15 November 2013

Putting the Invincibles to bed...

Ever since March 2013, Arsenal has been on a run of form that would see it finish atop the Premier League. In the 21 Prem matches since losing to Tottenham, the squad has take 50 points from 63, a rate of return that would, over the course of a full, 38-match season, see us claim 92 points—just a few ticks off of Chelsea's record-setting 95 points in 2004-05. Were it not for a shocking loss at home to Aston Villa to open the 2013-14 season, we might be talking off a campaign to rival the Invincibles season of 2003-04. The more-recent away-loss to Manchester United has further muted such talk, but comparisons inevitably, unfortunately, persist.

I say "unfortunately" because, almost by definition, an undefeated season is a once-in-a-lifetime event. After all, the only other time it's happened was way back in 1889 when Preston North End finished a 22-fixture season without a loss. Twice, then, in the history of British football, has a squad finished undefeated. However, ever since that legendary, mythical 2003-04 season, every Arsenal squad since then has had to face comparisons to a squad that included no less than four of the top-ten players listed among Arsenal's 50 greatest players of all time: Henry, Bergkamp, Vieira, Pirès. Take that in for a moment: in the club's 127-year history, four of its top ten have played in the last decade. By that standard, it would be difficult, if not impossible, to replicate the feats, if not the glory of such a squad. After all, more than one-third of the players who took to the pitch would have to equal or surpass the achievements of the club's legends. That's a bit much to ask.

 There is something epic about an undefeated season, regardless of how many games or matches are involved, so it's natural to venerate those squads that pull it off. Those salad days—at the risk of stretching or straining the metaphor—have made it all the more challenging to accept the sausages of recent seasons. It seems that each season since 2003-04 has left us wondering when, if ever, we'd see such dizzying heights of glory. By that standard, though, any squad will suffer in the comparison. Even if Arsène could find a way to assemble such a collection of players in the current, hypercharged, pre-FFP climate, there would be the naysayers and the critics: "yes, they finished undefeated, but they suffered 13 draws compared to the Invincibles' 12" or "the Invincibles beat Chelsea twice; this squad only managed a win and a draw" and so on.

 We've enjoyed some pretty heady days. Having done so makes it harder to enjoy anything else at face value, whether it's individual players or the squad as a whole. Will Theo ever be the next Henry? Will we ever find Vieira's heir? Is Özil the next Bergkamp? These questions, these comparisons, will repeat themselves ad nauseum until time consigns to the scrap-heap of history or some squad replaces them. No other club bears this burden—certainly not Preston North End, current denizens of League One. Would anyone mistake Manchester United's 2012-13 campaign as the stuff of legend? No. Arsenal has earned for itself a a unique status, and so it is understandable that the current XI and its recent run be held up for comparison.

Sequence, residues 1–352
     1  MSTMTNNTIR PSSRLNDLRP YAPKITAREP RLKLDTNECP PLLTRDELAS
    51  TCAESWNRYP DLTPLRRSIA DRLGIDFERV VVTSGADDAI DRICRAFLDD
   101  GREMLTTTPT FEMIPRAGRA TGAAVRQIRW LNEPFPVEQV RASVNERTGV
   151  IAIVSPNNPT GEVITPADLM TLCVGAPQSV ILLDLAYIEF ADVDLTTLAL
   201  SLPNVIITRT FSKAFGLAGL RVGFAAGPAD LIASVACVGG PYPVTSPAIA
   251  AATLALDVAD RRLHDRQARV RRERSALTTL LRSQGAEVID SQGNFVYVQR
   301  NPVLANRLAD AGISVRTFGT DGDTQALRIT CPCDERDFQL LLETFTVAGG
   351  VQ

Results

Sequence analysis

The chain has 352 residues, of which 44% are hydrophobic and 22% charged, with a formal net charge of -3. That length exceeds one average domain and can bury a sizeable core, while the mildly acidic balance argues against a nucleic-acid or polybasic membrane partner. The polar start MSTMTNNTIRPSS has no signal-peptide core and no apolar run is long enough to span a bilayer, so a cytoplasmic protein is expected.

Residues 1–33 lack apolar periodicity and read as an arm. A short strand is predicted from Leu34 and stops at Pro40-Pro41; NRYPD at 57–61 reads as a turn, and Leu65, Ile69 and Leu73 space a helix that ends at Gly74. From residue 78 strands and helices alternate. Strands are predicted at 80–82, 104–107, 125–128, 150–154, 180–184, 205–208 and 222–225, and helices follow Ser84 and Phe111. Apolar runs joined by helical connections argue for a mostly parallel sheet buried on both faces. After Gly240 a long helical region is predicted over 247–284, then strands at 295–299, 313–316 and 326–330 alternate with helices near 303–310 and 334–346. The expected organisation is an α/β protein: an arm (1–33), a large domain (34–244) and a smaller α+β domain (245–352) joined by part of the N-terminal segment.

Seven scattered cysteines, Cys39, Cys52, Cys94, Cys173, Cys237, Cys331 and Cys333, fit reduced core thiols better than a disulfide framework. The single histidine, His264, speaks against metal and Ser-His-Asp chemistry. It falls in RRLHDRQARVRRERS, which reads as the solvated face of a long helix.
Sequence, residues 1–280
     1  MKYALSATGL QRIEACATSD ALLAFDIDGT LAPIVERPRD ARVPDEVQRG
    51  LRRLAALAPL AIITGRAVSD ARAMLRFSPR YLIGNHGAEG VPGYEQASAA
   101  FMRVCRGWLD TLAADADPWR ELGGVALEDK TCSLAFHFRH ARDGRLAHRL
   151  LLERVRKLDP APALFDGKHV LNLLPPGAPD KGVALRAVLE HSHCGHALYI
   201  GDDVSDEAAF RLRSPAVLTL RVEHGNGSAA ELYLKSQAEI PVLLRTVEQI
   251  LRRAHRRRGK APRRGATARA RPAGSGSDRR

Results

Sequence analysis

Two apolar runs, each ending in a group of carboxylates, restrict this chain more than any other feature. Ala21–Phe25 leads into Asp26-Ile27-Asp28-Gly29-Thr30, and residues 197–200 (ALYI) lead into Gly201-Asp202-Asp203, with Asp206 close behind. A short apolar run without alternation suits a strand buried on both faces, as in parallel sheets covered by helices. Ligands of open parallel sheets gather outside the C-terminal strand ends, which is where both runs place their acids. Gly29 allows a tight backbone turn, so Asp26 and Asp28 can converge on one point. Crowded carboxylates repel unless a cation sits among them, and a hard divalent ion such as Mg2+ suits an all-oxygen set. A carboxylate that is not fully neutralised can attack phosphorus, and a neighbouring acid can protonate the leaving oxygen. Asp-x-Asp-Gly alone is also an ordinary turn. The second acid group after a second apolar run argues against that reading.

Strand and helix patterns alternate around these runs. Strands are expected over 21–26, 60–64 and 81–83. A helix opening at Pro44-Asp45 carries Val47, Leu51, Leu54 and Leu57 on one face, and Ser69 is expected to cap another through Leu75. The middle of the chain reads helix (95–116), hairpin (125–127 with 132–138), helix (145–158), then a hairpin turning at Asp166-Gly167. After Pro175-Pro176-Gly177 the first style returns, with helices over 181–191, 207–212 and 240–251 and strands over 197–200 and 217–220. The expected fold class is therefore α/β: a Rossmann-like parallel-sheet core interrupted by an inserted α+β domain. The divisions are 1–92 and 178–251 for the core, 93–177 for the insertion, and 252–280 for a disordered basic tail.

However, there will be no undefeated season this time 'round. Some among the Gooner faithful will grumble and grouse, and that is their lot in life. It's still early days, of course, and we could very well see a tumble from the top. Then again, we could also see something famous and memorable in its own right, and it would be a mistake to suggest that such a season suffers when set side-by-side with the Invincibles. Should the current squad achieve something, we know already that they won't replicate those days of caviar. In a way, they did themselves a favor by losing to Aston Villa on opening day: they set aside the possibility of an undefeated season so as to clear the table for a run at the top of it. Rather than insist that Ramsey, Wilshere, and the rest replace or imitate their forebears, is it not enough that they simply help us forget? We're seeing a familiar swagger, a panache, that we haven't seen in a while. Rather than say "yes, but...", let's enjoy the ride we're currently on. For those keeping track of such things, we're only four points off the pace that the Invincibles had set by this point in their season. Sure, we're likely to see a few more dropped points between now and May, but let's keep hold of the larger perspective: this is still a squad fully capable of putting to rest the comparisons—if not by going undefeated but by winning silverware.

 Should that day come, it would be more than a bit churlish to say "yes, but...". By the lofty standards of this club—standards that no other can claim, despite the frequency of their titles—anything short of an undefeated season might feel like a letdown. That's not altogether a bad position to be in. If nothing else, one can settle most arguments at the pub with that same "yes, but..." mentioned just a few sentences ago, as in "yes, but has _____ ever gone undefeated? Well, then..." In six months' time, we'll know more about where the current squad rates. For now, however, let's enjoy what it offers for its own sake. We already know that this squad won't match that one. Why not set the comparisons aside and just take it in, one fixture at a time?